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After months of government scrutiny, $1.65B Cvent acquisition is finalized

Cvent employees, who were raising money for cancer research (and growing moustaches) as part of ‘Movember,’ at the company’s Tysons Corner headquarters. (Courtesy of Cvent)

After months of government scrutiny, Tysons Corner-based Cvent on Tuesday announced it had received the green-light for a takeover by Vista Equity Partners in a $1.65 billion deal finalized Tuesday morning.

In addition, the company said in a separate announcement that it has merged with Lanyon, a Dallas-based competitor also owned by Vista, to create the world’s largest software firm focused on event-management services.

The combined company, which will be privately held and headquartered in Tysons Corner, will operate under the Cvent brand. Reggie K. Aggar­wal, Cvent’s founder and chief executive, will remain at its helm.

“We think one plus one equals three in this situation,” Aggarwal, 47, said in an interview. “We’ll have more resources, more capital and we’ll be able to innovate faster because we’ll have two companies with combined assets and know-how.”

A comeback story: Cvent, once on the brink of bankruptcy, sells for $1.65 B

The announcements come several months after Austin-based Vista first declared plans to buy Cvent for $36 a share, a 69 percent premium over the company’s stock price on the trading day before the deal was announced.

Since then, however, the acquisition has come under scrutiny from antitrust regulators. In late June, the Justice Department asked Cvent and Vista for additional information related to their planned merger, according to a company filing with the Securities and Exchange Commission. The New York Post, citing unnamed sources, reported that regulators had also asked for an extended review in early November  — a request that Vista reportedly denied.

“At the end of the day, the Department of Justice saw there were two market leaders joining forces,” Aggarwal said. “They wanted to make sure this was a positive thing for customers, not negative. I think, in the end, they concluded that this would not hamper innovation.”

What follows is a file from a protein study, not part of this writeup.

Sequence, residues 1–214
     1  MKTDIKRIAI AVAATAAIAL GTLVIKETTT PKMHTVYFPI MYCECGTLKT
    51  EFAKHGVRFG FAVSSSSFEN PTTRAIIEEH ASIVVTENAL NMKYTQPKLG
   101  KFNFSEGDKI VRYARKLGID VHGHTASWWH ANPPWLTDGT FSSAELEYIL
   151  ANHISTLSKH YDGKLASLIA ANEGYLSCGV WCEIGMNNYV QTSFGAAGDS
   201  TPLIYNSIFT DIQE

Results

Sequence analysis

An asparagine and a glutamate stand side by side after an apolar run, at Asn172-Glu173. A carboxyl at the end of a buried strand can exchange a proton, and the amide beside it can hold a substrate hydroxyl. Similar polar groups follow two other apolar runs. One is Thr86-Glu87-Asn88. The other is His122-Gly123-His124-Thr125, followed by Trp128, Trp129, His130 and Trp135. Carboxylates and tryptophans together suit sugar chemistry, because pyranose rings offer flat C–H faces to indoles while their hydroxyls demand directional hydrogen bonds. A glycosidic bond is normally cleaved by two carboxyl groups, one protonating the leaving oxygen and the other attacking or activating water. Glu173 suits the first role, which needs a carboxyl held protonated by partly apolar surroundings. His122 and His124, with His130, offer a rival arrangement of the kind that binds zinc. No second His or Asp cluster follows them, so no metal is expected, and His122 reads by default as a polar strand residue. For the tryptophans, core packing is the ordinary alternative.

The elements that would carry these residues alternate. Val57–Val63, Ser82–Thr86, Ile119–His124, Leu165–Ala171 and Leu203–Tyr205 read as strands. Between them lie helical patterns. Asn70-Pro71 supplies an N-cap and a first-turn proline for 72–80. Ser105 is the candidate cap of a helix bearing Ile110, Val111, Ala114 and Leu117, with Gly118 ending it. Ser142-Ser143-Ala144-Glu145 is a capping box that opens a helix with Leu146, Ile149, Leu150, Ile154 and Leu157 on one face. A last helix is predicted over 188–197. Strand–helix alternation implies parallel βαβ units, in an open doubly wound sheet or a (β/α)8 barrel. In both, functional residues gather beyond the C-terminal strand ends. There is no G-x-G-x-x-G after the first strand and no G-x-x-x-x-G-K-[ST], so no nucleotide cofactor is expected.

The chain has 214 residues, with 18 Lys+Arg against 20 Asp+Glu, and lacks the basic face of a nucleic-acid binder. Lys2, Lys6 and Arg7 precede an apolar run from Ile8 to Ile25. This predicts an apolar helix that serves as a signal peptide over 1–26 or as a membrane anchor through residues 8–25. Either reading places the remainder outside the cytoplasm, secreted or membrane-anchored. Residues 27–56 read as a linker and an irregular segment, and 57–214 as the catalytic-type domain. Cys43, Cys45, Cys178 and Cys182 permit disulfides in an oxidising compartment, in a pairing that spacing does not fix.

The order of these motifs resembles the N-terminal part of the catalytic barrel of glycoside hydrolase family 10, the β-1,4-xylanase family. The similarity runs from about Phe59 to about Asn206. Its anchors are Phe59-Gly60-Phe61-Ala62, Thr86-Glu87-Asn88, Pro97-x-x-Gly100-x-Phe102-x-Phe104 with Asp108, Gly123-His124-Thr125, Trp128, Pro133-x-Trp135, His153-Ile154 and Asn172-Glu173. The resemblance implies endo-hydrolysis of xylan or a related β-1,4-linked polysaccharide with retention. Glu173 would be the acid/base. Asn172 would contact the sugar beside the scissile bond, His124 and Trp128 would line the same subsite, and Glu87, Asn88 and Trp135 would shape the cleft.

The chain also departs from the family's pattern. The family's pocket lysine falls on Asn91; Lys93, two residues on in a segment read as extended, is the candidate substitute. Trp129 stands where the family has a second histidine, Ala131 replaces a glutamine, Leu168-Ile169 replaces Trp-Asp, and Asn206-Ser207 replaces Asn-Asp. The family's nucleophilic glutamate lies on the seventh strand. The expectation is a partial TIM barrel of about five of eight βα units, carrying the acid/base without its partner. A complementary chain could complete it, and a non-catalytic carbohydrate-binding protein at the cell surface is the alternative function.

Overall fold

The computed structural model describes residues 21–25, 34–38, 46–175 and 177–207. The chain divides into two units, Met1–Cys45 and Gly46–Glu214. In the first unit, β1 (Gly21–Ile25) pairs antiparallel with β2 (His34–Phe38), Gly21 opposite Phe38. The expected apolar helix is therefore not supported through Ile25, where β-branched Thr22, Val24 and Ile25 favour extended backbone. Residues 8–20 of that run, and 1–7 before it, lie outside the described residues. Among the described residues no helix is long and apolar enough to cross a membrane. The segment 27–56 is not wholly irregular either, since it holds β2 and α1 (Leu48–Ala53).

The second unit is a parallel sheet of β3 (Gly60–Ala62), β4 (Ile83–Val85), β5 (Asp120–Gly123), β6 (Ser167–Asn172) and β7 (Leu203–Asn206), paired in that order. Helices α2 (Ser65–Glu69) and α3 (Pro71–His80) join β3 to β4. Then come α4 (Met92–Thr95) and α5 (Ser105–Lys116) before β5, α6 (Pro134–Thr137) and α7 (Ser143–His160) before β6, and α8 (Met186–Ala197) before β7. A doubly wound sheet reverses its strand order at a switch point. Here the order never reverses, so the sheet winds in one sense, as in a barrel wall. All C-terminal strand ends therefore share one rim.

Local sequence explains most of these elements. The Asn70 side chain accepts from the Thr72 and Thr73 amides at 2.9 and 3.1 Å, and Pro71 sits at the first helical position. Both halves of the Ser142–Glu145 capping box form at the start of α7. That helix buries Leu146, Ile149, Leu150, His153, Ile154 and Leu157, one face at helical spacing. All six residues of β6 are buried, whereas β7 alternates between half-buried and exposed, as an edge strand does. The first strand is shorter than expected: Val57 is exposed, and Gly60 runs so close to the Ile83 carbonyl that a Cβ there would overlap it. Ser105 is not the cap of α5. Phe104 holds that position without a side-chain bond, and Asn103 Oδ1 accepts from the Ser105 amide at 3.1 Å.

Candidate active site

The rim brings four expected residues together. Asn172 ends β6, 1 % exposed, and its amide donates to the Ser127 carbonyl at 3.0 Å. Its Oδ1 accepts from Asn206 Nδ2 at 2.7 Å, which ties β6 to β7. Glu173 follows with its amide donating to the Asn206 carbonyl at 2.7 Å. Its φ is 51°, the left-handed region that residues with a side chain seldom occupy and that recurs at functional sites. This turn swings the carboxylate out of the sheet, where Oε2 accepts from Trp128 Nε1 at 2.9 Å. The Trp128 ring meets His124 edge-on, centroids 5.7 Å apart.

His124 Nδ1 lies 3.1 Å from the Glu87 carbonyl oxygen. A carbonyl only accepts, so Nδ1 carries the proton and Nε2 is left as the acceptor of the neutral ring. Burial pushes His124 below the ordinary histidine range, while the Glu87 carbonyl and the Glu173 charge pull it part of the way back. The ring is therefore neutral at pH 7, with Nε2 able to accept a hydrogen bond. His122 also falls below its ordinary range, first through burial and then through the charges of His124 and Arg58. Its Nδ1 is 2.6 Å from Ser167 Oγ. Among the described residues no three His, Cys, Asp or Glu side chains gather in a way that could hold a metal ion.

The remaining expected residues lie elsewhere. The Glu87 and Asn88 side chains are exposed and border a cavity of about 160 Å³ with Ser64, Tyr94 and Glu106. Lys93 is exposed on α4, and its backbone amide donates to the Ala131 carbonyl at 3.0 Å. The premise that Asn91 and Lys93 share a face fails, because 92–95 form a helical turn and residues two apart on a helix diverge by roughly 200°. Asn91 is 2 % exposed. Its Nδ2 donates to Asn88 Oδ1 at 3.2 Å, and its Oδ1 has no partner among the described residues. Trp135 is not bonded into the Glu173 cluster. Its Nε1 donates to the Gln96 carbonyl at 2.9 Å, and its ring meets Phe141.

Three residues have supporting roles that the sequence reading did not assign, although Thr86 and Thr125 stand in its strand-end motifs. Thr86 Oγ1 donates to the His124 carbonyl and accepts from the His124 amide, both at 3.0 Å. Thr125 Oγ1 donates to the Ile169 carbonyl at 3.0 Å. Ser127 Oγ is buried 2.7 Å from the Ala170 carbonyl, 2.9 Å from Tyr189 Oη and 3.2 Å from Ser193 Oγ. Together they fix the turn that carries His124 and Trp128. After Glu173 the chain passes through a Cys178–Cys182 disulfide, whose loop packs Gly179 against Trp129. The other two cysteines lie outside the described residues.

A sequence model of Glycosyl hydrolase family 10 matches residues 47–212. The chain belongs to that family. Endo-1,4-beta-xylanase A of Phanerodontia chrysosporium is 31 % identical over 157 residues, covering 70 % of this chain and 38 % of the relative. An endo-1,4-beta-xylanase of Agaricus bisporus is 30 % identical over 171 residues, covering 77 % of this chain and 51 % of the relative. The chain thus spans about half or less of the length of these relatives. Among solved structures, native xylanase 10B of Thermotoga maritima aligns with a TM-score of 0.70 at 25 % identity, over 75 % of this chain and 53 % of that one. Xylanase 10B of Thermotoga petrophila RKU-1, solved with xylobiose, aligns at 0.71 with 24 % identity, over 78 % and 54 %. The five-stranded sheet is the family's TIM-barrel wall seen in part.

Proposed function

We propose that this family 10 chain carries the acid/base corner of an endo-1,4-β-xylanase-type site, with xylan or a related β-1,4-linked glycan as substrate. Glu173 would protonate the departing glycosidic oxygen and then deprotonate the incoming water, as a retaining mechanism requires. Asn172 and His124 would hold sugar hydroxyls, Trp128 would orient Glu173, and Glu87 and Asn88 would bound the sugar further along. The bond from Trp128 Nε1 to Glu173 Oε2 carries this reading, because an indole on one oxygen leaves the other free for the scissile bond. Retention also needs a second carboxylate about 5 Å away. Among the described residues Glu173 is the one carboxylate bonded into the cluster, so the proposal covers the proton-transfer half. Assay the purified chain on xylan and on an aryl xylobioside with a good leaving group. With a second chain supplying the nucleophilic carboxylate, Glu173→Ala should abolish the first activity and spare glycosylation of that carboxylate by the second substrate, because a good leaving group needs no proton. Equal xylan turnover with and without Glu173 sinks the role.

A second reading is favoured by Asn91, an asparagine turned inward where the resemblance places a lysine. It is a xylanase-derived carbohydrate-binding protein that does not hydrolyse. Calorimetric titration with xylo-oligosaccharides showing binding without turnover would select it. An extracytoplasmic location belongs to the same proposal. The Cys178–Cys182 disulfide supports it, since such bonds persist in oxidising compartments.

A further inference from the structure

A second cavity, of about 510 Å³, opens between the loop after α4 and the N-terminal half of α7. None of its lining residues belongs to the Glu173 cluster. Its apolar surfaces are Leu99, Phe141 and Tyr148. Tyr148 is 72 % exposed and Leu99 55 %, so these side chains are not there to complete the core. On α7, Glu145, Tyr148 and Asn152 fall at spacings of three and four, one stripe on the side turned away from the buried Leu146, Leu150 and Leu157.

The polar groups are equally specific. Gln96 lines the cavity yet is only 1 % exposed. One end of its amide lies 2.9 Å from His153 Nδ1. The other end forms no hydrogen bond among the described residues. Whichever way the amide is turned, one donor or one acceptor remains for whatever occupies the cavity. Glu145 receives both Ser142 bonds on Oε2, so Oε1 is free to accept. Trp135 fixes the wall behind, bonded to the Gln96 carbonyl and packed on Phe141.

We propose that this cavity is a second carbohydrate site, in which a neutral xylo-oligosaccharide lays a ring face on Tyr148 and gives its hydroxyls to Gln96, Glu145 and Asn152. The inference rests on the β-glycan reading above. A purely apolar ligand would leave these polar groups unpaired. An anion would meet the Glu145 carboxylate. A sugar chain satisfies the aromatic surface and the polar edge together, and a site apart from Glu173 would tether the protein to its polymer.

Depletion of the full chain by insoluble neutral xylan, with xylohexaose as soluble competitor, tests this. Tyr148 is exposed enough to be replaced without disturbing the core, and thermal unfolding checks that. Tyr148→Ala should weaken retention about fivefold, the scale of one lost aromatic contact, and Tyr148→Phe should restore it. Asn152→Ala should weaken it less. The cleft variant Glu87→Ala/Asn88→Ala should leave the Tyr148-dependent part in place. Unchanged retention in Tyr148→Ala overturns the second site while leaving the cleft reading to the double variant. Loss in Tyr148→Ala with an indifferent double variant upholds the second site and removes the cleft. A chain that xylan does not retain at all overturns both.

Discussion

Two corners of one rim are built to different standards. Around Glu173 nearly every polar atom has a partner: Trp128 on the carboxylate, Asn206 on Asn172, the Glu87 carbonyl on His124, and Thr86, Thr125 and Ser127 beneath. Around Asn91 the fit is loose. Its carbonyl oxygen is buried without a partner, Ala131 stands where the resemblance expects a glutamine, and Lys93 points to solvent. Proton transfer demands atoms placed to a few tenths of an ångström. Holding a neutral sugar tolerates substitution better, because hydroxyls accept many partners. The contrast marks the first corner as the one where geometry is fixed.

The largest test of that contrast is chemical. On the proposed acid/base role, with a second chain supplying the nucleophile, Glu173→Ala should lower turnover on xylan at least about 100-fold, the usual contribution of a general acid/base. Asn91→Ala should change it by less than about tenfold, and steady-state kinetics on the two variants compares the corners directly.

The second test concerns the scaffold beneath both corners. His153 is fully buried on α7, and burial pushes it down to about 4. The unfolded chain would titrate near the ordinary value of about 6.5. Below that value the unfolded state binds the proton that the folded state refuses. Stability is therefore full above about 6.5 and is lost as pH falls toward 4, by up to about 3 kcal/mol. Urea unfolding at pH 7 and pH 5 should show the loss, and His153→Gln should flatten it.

A spokesman for the Justice Department declined to comment.

The merger of Cvent and Lanyon brings together two of the country’s largest events-management companies. Cvent, which was previously publicly-traded, generated $168.6 million in revenue during the first three quarters of the year. The company has 2,000 employees, including 700 in its Tysons Corner office.

Aggarwal would not disclose Lanyon’s annual revenue or its employee count. He said Cvent will keep Lanyon’s offices in Dallas, but is still determining if — and where — lay-offs may occur.

“The direct answer is: We’re evaluating things as part of the integration, but we haven’t made those plans yet,” Aggarwal said.

He added that the combined company will have about 30,000 customers. Cvent currently has 17,000 clients, including big-name companies such as Walmart, Marriott International and Hilton Worldwide.

Aggarwal founded the company during the dot-com boom in 1999. He started with a $100,000 loan from his parents, and boosted the company from six employees to 125 in a matter of months. But by late 2001, it was on the brink of bankruptcy. Aggarwal laid off 80 percent of his workforce and spent the next decade building his company back up.

Cvent CEO set to make $164M following company’s sale

It paid off: Aggarwal received an estimated $164.41 million from the sale of his company, of which he owned 4.31 million shares. Cvent has evolved through the years, from a sort of Evite for corporations to a full-service operation that helps meeting planners find the right venues and manage everything from booking rooms to printing badges. With the addition of Lanyon, Aggarwal says the company is poised to become even broader in scope.

“The combined resources will be game-changing,” he said. “There is a lot of green field optimism.”

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